Delft Researchers Say They Found A Prime Candidate For ‘The Perfect Qubit’

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qutech researchers
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Insider Brief

  • A team of researchers from QuTech said improvements to the Andreev spin qubit is a step toward universal quantum computers.
  • The new qubit is more reliable and stable.
  • An Andreev spin qubit exploits the spin states of Cooper pairs to encode and process quantum information.

PRESS RELEASE — Researchers from QuTech improved the so-called ‘Andreev spin qubit’ in a critical way and believe it can become a prime candidate in the pursuit of a perfect qubit. The new type of qubit is created in a more reliable and intrinsically stable way, compared to previous versions, by combining the advantages of two other types of qubits. They publish their work in Nature Physics.

Unlike the world of conventional computers, wherein bits are based on very well established and reliable technologies, the perfect qubit has not been invented yet. Will the quantum computer of the future contain qubits that are based on superconducting transmon qubits, spin qubits in silicon, NV centres in diamond, or perhaps some other quantum phenomenon? Each type of qubit has their own advantages—and disadvantages. One is more stable, the second has a higher fidelity, and others are more easily mass-produced. The perfect qubit does not exist. Yet.

Best of both worlds

In this work, the researchers from QuTech—a collaboration between the Delft University of Technology and TNO—and together with international collaborators made a smart combination of existing techniques to store quantum information.

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Marta Pita-Vidal, co-first author explains: “Two of the most promising types are spin qubits in semiconductors and transmon qubits in superconducting circuits. However, each type has its own challenges.”

”For example,” Pita-Vidal continues, “spin qubits are small and compatible with current industrial technology, but they struggle with interacting over long distances. On the other hand, transmon qubits can be controlled and read out efficiently over long distances, but they have a built-in speed limit for operations and are relatively large. The researchers in this study aim to harness the advantages of both types of qubits by developing a hybrid architecture that combines them.”

Andreev spin qubits

“In our experiment, we managed to directly manipulate the spin of the qubit using a microwave signal,” says Arno Bargerbos, the other co-first author. “We achieved very high ‘Rabi frequencies’, which is a measure of how fast they can control the qubit. Next, they embedded this ‘Andreev spin qubit’ within a superconducting transmon qubit which enables fast measurement of the qubit state.”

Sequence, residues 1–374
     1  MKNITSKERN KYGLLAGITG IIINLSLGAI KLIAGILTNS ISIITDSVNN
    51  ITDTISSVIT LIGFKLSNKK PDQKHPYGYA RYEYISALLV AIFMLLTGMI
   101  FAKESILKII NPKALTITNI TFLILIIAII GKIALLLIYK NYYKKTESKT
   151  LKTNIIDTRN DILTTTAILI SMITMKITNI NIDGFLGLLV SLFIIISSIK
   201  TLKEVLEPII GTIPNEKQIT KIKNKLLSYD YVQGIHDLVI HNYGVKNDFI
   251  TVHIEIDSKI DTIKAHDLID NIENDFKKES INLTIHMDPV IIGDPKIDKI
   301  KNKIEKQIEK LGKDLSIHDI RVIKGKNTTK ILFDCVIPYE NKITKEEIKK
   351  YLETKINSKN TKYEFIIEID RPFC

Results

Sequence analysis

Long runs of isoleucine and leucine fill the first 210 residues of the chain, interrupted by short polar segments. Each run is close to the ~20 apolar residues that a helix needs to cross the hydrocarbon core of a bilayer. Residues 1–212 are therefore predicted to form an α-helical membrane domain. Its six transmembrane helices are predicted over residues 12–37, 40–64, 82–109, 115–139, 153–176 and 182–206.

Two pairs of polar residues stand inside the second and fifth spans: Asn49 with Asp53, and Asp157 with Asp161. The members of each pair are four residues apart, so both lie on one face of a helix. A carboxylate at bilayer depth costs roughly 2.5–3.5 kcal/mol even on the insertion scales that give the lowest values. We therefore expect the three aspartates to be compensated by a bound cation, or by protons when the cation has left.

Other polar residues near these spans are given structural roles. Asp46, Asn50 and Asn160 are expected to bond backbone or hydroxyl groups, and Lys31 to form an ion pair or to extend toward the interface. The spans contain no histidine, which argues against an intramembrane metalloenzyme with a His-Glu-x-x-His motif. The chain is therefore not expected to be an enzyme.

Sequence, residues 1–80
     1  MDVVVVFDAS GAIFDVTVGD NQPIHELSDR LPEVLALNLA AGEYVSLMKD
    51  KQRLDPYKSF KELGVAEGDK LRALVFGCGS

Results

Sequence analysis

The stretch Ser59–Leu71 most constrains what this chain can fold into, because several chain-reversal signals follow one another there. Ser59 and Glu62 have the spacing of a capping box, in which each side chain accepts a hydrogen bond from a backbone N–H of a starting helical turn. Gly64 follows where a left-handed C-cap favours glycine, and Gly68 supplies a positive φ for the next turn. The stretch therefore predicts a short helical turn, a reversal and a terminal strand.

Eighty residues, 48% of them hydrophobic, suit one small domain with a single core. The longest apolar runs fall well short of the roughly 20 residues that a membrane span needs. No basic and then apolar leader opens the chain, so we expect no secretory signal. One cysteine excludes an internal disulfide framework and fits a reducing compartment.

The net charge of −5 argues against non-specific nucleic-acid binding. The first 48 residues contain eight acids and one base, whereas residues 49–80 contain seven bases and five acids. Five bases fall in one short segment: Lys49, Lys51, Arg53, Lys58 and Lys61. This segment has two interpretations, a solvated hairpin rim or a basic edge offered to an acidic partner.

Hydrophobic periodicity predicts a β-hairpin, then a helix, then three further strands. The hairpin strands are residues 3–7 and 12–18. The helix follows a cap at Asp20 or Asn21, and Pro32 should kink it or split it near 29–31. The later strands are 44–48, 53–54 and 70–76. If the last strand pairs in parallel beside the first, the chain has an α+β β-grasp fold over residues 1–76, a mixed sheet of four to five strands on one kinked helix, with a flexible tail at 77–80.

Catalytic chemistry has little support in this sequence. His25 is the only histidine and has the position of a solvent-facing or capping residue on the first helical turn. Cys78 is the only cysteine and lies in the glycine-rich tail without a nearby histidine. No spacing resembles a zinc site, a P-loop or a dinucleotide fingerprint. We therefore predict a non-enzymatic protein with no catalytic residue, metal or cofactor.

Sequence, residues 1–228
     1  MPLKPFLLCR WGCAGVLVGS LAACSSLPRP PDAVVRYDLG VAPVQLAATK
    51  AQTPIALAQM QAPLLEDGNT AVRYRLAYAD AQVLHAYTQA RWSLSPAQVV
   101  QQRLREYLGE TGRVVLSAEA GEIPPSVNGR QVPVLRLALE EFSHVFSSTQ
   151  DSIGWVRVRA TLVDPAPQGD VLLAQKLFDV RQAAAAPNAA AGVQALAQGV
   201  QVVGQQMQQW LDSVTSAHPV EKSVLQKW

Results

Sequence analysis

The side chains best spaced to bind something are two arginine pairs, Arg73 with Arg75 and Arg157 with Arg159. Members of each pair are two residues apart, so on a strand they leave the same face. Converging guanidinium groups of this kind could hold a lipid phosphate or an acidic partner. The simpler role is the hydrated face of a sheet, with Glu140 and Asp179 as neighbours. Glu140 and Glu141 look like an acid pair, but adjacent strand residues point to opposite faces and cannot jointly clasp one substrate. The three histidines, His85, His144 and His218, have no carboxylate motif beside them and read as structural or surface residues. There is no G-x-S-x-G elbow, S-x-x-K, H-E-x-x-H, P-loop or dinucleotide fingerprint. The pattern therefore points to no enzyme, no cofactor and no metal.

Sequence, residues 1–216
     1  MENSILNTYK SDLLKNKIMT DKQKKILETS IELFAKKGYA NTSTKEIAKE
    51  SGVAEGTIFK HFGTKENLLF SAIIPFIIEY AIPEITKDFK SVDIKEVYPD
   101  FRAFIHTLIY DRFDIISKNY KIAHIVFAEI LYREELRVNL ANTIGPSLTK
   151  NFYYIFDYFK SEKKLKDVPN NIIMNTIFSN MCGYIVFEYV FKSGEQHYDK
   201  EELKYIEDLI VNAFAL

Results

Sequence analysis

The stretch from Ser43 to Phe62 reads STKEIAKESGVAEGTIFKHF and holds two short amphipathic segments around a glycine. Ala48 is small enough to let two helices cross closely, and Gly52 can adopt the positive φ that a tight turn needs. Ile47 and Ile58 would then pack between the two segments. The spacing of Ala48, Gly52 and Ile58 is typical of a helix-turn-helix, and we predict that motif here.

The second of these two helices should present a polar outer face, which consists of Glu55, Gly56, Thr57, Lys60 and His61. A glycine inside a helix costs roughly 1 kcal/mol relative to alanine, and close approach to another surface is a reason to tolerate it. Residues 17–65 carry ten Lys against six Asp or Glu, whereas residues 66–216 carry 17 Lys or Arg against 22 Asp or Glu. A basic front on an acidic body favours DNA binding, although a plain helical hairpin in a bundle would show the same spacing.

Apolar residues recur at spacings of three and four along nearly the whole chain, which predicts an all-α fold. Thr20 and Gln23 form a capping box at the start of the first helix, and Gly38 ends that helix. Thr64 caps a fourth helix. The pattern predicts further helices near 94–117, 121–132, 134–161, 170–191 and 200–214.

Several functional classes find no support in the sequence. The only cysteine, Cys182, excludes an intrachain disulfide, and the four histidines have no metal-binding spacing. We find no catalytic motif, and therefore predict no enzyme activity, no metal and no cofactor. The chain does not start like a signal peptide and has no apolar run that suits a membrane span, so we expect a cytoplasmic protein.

The researchers characterized the coherence time of the Andreev spin qubit, a measure of how long the qubit can stay alive. They observed that its ‘longevity’ is affected by the magnetic field from the surrounding materials.

“Finally,” remarks Bargerbos, “we demonstrated the first direct strong coupling between a spin qubit and a superconducting qubit, meaning that they could get the two qubits to interact in a controlled way. This suggests that the Andreev spin qubit can become a key element to interconnect quantum processors based on radically different qubit technologies: semiconducting spin qubits and superconducting qubits.”

Future work

Principal investigator Christian Andersen: “The current Andreev spin qubit is not perfect yet. It still needs to demonstrate multi-qubit operations, which is needed for universal quantum computers. The coherence time is also sub-optimal. That can be improved by using another material. Fortunately, the scalability of the qubits is on par with semiconductor qubits, raising the hope that we can get to the point where making the quantum algorithms becomes the limiting factor and not the quantum hardware.”

The paper is available here: Direct manipulation of a superconducting spin qubit strongly coupled to a transmon qubit,

For more market insights, check out our latest quantum computing news here.

Matt Swayne

With a several-decades long background in journalism and communications, Matt Swayne has worked as a science communicator for an R1 university for more than 12 years, specializing in translating high tech and deep tech for the general audience. He has served as a writer, editor and analyst at The Quantum Insider since its inception. In addition to his service as a science communicator, Matt also develops courses to improve the media and communications skills of scientists and has taught courses. [email protected]

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